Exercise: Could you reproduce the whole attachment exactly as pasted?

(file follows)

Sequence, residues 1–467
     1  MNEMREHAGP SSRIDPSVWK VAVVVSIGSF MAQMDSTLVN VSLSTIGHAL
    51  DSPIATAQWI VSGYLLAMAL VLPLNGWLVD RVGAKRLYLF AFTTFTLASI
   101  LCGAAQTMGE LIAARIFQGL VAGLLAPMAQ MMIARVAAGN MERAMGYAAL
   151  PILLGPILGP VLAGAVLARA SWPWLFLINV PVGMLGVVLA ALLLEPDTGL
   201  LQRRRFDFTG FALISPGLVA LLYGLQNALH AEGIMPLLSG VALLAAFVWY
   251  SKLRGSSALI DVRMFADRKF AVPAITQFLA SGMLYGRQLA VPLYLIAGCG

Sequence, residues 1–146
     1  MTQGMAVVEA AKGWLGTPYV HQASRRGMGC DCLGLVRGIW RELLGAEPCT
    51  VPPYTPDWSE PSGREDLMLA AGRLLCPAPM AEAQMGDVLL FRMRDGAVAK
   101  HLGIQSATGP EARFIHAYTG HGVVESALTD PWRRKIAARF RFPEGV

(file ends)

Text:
Sequence, residues 1–467
     1  MNEMREHAGP SSRIDPSVWK VAVVVSIGSF MAQMDSTLVN VSLSTIGHAL
    51  DSPIATAQWI VSGYLLAMAL VLPLNGWLVD RVGAKRLYLF AFTTFTLASI
   101  LCGAAQTMGE LIAARIFQGL VAGLLAPMAQ MMIARVAAGN MERAMGYAAL
   151  PILLGPILGP VLAGAVLARA SWPWLFLINV PVGMLGVVLA ALLLEPDTGL
   201  LQRRRFDFTG FALISPGLVA LLYGLQNALH AEGIMPLLSG VALLAAFVWY
   251  SKLRGSSALI DVRMFADRKF AVPAITQFLA SGMLYGRQLA VPLYLIAGCG

Sequence, residues 1–146
     1  MTQGMAVVEA AKGWLGTPYV HQASRRGMGC DCLGLVRGIW RELLGAEPCT
    51  VPPYTPDWSE PSGREDLMLA AGRLLCPAPM AEAQMGDVLL FRMRDGAVAK
   101  HLGIQSATGP EARFIHAYTG HGVVESALTD PWRRKIAARF RFPEGV